Managing Arthritis – I Miss Playing Frisbee With My Dog

When Laika was diagnosed with arthritis I was upset, I’m sure the term overreacting would come to my vets mind. In my mind I thought we were doomed. I envisioned having to help her up the stairs, take slow walks, and having to help lift her up onto the couch at night. I’m glad to say it’s nothing like that. If I hadn’t just told you she had arthritis you’d probably never know.

Managing Laika’s Arthritis

To be honest there’s only one thing I really miss about our routine before the arthritis diagnosis – our games of frisbee. Every day when I came home from work we’d hurry up into the backyard and start playing. After being alone for hours I found it to be the easiest ( and quickest ) way to let her get rid of some of that excess energy.

We said goodbye to rigorous activities like frisbee and the flirt pole. Now we spend our time doing more nose work, tug, obedience, walking and lots of indoor activities. With a few glucosamine supplements, leg massages, and low impact exercises I’m happy to say she’s thriving. You’d never know she has arthritis. She still acts like the happy go lucky energetic dog I’ve always known.

I don’t miss the flirt pole or games of fetch in the backyard. I don’t miss the DIY lure course or jumps. But I do miss our games of frisbee.

I Miss Playing Frisbee With My Dog

We don’t play frisbee anymore. We’ve traded in those rigorous activities for low impact exercises. It’s been months since I’ve picked up one of those frisbees from the garage – and I still really miss them. I can tell Laika does as well – when we walk past the bench that they’re on she still pauses and waits for me to pick them up.

It’s starting to get easier, I find myself walking right by those frisbees now without even giving them a second glance. Laika doesn’t seem to mind as much either as we walk past – as long as she knows I’ve got something else planned.

I’ve Always Loved Frisbee Dogs

Growing up our neighbor had an awesome dog that loved to play frisbee, and I was obsessed with that lovable fuzzy dog. Being 5 or so I was probably the perfect age for it; I’d play with him endlessly and continue to be entertained each time he brought it back.

Being young my throws weren’t very good or strong enough to tire him out so the game would go on forever. I never tired of it, and I swore I’d get myself a frisbee dog of my own when I grew up.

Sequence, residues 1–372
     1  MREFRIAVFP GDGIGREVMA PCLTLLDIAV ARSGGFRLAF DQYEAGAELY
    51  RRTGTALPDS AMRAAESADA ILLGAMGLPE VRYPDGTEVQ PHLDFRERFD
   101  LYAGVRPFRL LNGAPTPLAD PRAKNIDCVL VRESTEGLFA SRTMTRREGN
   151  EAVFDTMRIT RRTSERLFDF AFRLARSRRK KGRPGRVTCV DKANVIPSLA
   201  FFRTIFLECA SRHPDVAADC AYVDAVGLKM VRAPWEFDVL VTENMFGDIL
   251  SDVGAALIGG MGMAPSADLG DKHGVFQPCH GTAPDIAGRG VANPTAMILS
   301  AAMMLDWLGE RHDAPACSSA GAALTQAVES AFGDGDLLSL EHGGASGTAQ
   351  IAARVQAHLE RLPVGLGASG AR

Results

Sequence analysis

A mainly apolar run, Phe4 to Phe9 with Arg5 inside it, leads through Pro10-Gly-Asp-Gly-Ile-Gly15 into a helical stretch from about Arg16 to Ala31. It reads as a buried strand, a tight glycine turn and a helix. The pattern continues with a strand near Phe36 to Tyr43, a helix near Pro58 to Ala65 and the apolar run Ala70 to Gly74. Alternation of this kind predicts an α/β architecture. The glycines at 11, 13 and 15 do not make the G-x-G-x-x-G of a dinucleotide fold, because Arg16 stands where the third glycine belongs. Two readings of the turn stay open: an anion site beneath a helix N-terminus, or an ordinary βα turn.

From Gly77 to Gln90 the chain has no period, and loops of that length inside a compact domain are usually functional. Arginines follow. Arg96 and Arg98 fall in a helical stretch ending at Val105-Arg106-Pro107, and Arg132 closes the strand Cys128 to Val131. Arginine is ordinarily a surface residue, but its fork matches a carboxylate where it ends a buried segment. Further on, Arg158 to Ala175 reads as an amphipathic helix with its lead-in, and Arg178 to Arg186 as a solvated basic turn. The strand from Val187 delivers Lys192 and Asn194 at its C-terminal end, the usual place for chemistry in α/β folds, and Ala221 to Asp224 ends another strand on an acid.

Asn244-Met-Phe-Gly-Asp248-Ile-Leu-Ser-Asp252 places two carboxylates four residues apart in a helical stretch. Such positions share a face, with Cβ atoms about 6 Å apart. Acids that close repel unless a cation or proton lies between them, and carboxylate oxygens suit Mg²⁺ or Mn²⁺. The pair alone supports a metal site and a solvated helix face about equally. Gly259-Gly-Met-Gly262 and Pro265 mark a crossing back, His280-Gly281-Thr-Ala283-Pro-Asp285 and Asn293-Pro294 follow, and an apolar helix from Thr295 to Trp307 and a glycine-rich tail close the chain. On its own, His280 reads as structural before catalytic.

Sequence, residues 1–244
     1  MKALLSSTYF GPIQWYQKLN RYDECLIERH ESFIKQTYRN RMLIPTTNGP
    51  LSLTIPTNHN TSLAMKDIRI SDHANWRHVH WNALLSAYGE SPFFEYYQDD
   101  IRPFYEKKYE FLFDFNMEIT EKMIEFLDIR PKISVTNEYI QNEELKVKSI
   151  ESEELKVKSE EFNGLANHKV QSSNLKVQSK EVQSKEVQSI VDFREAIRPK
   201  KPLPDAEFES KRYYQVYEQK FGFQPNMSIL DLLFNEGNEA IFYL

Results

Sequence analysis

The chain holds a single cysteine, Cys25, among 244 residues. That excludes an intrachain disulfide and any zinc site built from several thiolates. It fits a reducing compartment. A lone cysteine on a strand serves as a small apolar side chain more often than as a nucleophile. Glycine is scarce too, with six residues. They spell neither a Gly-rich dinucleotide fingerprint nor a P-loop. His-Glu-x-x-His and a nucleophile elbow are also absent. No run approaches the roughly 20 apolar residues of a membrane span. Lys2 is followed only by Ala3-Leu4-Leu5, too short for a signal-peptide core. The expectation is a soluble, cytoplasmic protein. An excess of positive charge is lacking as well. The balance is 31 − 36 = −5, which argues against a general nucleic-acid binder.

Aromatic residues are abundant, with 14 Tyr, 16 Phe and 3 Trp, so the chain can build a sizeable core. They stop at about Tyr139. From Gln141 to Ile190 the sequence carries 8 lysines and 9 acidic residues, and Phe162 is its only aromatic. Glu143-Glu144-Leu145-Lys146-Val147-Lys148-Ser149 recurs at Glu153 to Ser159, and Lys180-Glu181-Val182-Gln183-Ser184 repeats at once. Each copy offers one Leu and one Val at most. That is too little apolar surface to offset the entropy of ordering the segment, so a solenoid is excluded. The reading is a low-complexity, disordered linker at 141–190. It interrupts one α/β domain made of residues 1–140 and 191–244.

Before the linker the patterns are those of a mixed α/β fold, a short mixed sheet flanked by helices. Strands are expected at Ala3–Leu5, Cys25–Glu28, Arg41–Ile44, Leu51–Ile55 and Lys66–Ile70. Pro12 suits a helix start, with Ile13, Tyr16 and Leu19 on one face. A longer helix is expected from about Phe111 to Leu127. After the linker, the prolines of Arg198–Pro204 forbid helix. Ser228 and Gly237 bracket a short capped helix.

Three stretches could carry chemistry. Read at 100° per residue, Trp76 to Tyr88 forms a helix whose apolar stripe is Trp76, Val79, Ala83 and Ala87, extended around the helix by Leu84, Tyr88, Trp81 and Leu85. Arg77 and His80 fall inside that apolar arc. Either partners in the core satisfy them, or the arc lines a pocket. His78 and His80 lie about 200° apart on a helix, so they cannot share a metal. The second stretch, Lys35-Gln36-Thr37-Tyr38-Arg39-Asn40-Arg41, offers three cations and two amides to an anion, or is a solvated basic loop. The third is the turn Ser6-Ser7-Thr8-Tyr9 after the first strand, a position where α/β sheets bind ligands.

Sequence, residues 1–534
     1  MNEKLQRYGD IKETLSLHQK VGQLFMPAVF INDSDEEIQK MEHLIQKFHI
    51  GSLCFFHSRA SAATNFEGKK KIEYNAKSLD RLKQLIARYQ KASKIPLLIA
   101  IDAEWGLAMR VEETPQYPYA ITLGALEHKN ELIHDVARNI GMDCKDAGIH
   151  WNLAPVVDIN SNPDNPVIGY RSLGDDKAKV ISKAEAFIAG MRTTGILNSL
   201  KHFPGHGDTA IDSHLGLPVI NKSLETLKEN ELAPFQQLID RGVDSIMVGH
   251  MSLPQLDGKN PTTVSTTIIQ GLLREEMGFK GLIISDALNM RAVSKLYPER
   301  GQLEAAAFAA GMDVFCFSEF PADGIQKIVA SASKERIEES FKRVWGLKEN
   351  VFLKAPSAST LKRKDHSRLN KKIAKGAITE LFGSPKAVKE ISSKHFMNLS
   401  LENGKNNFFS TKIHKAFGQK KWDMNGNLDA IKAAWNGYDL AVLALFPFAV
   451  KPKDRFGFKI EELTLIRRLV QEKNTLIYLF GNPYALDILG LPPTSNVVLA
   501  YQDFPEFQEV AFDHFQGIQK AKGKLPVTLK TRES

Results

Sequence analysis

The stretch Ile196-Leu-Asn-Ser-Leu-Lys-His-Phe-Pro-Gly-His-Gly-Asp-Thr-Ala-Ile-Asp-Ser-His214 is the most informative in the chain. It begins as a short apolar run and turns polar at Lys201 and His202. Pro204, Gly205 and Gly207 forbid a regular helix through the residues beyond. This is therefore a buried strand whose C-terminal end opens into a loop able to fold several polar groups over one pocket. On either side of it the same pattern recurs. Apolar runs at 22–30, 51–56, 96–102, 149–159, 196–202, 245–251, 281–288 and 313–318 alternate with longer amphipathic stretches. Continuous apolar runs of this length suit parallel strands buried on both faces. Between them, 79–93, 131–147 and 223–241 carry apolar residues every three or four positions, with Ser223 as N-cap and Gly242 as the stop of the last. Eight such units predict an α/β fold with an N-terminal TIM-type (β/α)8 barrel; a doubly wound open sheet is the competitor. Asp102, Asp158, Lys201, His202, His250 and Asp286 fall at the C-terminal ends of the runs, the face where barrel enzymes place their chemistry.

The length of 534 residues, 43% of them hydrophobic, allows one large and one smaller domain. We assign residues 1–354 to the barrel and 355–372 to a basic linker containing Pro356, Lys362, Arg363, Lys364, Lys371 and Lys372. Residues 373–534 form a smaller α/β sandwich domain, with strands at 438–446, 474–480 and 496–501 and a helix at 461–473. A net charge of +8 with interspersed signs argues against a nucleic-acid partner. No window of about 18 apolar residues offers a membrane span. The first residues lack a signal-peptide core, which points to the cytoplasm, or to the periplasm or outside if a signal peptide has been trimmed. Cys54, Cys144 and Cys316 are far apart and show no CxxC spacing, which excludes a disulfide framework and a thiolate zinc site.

The dog was created specially for children. He is the god of frolic. – Henry Ward Beecher

My First Frisbee Dog

When I was in my teens my dreams finally came true, I got my very own frisbee dog. He was a Aussie/Border Collie mix that I knew would be a great frisbee partner. Honestly how could it go wrong? What sort of Border Collie doesn’t love frisbee? He was my first frisbee dog, and he was going to be awesome at it.

But he wasn’t. I couldn’t even entice him to play a game of fetch. He was young and lean, but miraculously lazy. From a very young age he developed the habit of stopping during walks. He’d lay down in the shade and just relax. When I threw a frisbee for him he’d trot after it and bring it back once. The second throw  ended with him walking off, completely disinterested in my silly human games.

Thinking something might be physically wrong we had him examined many times by vets. They never found anything wrong, his official diagnosis was being lazy. I loved him dearly, but he wasn’t my perfect frisbee dog.

And Then There Was Laika

Laika took to frisbee right away. Bringing it back into my hands was another issue, but she did run after each of my throws. After awhile she got really good at it and was even able to jump up and catch them. After a lot of practice my throws got better, her catching skills increased, and we both looked forward to our daily game of frisbee with great enthusiasm.

After awhile she stopped dropping it 30 feet away from me. She learned that bringing it back correctly made the game go much smoother. She became my perfect frisbee dog. Every day she was just as excited as I was to get out there and play. Rain or shine, she didn’t care and neither did I.

Both humans and dogs love to play well into adulthood, and individuals from both species occasionally display evidence of having a conscience. – Jon Winokur

The Arthritis Diagnosis

If I had known that we wouldn’t be playing frisbee anymore, or that it would have been for such a short period of time I would have gotten some better pictures. I really thought I’d be able to get some good ones while throwing a frisbee and aiming a camera at the same time. That really didn’t work out well.

Out of all the things we’ve eliminated due to arthritis I don’t know why I miss frisbee so much. Perhaps it’s the effortlessness of it, or because it feels like a real team sport. Maybe it’s the reminder of summer, or the awesome big smile she had when she was playing. Or maybe it’s simply the reminder or being young and active. Whatever the reason I know I’ll always love frisbee dogs, and I’m glad I finally got one of my very own.

I’ll always miss playing frisbee with Laika, and I know she misses it too. But I’m happy to say I did finally find my perfect frisbee dog; and though we don’t play anymore I have a few blurry photos to prove it.

I miss playing frisbee with my dog

Tip: If you want to get some really decent photos of your dog catching frisbees don’t try to be the frisbee thrower and take photos at the same time.

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